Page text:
The Deixis Press Weekly - Issue #22
A super busy week at the press, now that I’m well and the children are back at school–and just in time, because Some Rise By Sin is out next week!
Monday, 6 September
This week and last I’ve started some Twitter/Facebook marketing for Some Rise By Sin, led by my amazing publicist Hannah. I can finally see that I have had a number of pre-orders (naturally I’d always like that number to be bigger regardless of what it is at any given moment, but it’s gratifying to see that it is non-zero!) and I hope that a few more start rolling in over the next week too.
I think I’ve also solved the Amazon-cancelling-preorders problem–or, at least, it seems to be a problem that is so rare that it can be swept under the carpet for now?
Tuesday, 7 September
I’m delighted to say that the wonderful narrator for Some Rise By Sin is also going to narrate The Workshop of Filthy Creation. David Lane Pusey has an incredible range and also a real knack for figuring out how to represent characters with voice. As I said last week, audiobooks were not something I thought about a lot before I needed to be involved in creating them, but my eyes are wide open now.
What’s really interesting to me is the number of people who totally ignored my voice instructions. You can specify that you want a voice that is smooth, gravelly, refined, older, younger, etc.; you can also specify whether you want a cockney accent, BBC English, American of all sorts, etc. too. So if I’m looking for a middle-aged cockney who’s a little rough around the edges, why would someone who sounds like a college boy from Idaho audition? Well, god bless them for trying, is all I can say.
Wednesday, 8 September
I’ve been typesetting Adam Saint‘s tremendous book, The Transfer Problem, over the past few days, and I’ve just finished putting it together on the page. Here’s what I’ve written about it before:
The Transfer Problem is a technothriller following Ethan, an introverted banker with a traumatic past, who falls in love with Anna, an enigmatic scientist with whom he shares an academic interest in the philosophy of existence and consciousness. But with the reappearance of of Ethan’s rogue brother Robert—a hacker who is forbidden from using technology—the hypothetical turns all too real: Robert convinces Ethan to let Anna transfer a conscious mind into Ethan’s trading algorithms.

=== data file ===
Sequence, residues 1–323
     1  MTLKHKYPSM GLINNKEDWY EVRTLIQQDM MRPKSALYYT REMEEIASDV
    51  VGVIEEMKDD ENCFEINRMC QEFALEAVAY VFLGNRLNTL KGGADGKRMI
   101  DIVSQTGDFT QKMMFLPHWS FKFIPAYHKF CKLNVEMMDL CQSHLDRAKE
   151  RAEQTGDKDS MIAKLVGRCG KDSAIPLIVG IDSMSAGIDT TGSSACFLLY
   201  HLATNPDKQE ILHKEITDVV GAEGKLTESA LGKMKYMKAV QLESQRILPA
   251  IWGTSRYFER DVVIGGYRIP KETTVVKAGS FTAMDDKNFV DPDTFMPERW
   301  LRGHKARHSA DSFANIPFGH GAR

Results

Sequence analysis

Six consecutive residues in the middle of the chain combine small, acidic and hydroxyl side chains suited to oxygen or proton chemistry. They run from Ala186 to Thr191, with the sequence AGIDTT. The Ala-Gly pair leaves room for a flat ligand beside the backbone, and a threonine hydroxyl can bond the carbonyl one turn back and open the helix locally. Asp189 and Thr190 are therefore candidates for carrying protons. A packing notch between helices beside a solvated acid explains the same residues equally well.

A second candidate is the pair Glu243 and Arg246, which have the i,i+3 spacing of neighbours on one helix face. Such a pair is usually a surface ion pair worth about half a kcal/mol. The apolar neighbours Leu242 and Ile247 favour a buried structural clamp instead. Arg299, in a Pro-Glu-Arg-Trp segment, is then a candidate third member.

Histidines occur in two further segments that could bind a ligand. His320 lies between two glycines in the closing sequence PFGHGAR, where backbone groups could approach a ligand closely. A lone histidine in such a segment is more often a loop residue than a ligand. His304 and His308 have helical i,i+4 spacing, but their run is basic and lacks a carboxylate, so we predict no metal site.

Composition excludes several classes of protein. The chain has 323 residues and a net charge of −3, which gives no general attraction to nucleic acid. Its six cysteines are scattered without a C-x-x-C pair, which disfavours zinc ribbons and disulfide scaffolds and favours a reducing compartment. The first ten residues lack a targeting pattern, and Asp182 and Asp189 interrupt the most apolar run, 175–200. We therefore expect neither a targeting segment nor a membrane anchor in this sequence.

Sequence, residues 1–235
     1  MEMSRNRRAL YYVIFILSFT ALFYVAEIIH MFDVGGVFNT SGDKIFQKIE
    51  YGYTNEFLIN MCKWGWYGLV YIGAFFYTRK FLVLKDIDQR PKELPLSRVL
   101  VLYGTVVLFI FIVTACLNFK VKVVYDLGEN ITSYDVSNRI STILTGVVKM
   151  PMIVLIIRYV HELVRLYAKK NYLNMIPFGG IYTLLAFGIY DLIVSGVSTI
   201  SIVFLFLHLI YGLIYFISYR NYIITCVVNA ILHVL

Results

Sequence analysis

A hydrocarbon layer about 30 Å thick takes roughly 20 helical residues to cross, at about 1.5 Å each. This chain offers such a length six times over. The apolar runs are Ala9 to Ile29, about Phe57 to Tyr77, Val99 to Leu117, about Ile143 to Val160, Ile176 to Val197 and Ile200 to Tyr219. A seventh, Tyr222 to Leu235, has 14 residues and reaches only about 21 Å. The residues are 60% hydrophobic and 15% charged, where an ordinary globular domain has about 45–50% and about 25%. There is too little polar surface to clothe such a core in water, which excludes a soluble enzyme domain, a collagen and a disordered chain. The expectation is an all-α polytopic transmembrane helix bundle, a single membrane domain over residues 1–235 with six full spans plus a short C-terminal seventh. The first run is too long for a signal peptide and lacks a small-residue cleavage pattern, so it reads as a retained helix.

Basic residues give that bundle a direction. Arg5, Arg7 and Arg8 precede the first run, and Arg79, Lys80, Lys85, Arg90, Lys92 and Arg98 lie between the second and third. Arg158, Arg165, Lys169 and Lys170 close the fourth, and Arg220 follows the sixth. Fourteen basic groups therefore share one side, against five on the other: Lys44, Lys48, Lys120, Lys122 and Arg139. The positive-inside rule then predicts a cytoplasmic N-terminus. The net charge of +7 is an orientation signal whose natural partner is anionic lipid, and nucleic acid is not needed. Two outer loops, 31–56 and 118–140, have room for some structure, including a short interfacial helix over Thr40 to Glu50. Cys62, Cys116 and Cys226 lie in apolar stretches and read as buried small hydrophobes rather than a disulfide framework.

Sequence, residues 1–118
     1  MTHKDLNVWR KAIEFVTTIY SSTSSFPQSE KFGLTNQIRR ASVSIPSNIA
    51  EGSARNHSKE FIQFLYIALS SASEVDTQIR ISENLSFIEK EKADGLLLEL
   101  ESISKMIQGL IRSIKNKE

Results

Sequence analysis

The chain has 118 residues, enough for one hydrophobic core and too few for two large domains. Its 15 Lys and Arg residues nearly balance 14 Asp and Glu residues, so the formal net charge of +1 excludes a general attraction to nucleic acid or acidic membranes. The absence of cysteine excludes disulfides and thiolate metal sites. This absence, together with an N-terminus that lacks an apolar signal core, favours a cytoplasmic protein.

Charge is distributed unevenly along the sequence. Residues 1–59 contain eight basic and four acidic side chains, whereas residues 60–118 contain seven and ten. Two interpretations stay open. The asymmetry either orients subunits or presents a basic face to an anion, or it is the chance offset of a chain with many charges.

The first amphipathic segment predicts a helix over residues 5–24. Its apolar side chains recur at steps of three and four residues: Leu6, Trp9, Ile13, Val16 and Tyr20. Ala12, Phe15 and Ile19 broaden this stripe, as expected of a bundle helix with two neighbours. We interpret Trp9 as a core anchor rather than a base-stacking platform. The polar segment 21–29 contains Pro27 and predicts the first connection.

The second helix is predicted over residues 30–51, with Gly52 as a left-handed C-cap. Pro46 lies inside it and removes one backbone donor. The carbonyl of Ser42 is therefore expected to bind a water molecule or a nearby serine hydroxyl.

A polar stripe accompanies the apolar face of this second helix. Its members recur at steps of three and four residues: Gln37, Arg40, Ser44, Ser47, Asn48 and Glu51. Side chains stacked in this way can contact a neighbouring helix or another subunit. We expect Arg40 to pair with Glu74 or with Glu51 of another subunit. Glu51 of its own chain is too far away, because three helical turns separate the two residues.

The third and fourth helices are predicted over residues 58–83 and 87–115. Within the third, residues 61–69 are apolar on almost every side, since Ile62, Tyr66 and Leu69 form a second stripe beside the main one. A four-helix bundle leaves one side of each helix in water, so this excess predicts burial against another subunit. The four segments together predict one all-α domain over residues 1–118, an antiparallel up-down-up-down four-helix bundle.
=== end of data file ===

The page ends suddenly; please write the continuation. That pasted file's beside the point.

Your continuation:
But when Anna’s experiment goes well—too well, in fact, with world-altering consequences—Ethan finds himself on the run, searching for answers to Anna’s mysterious past and looking desperately for a way to give humanity its future back,
The Transfer Problem asks what it means to exist, to be real, and to be human, but it also asks and even bigger question: how far would you go to avenge yourself? With nail-biting action and smart, technical themes, it will appeal to those who loved Dark Matter by Blake Crouch and The Circle by Dave Eggers.
I’m looking at Spring 2022 for this one. You’ll love it!
Thursday, 9 September
The big news for me today is that I have finally sorted out the launch party (which will launch Some Rise By Sin and The Workshop of Filthy Creation, as well as the press itself).
In work news, the major stuff for me is the boring stuff for you: that’s right, it’s paid work time. I’ve got a manuscript assessment on the go and a couple of other proofreading projects waiting in the wings. I like funding the press this way, but it doesn’t make for very interesting newsletters.
Friday, 10 September
The day started off brilliantly with an excellent writeup of Some Rise By Sin from Jackie Law over at neverimitate. I love her final paragraph:
The tale told provides a strong depiction of an historical period focusing on the paucity of lives being lived day by day rather than on aristocratic marriage machinations, politics or national affairs. Although not always a comfortable read this is due to the realism. As well as offering a strong story featuring goings on many may not have been aware of, it is a timely reminder that if an underclass exists without redress to legal protection, they will seek to survive by whatever means they feel necessary. For those who derided the pomp and inaccuracies of escapist Bridgerton – set in a similar time period – this antithesis may be right up their street.
Then I saw that Edinburgh Magazine today features Siôn on the homepage and that the accompanying article is “trending,” which warms the cockles of my heart.
I’m hoping for a few more bits and pieces like this over the next week, so let me know if you spot any in the wild yourself.
Now I’m going to finish some freelance stuff, make a quick trip to the post office, and then have a very relaxing weekend. I hope you do too (the last part, anyway).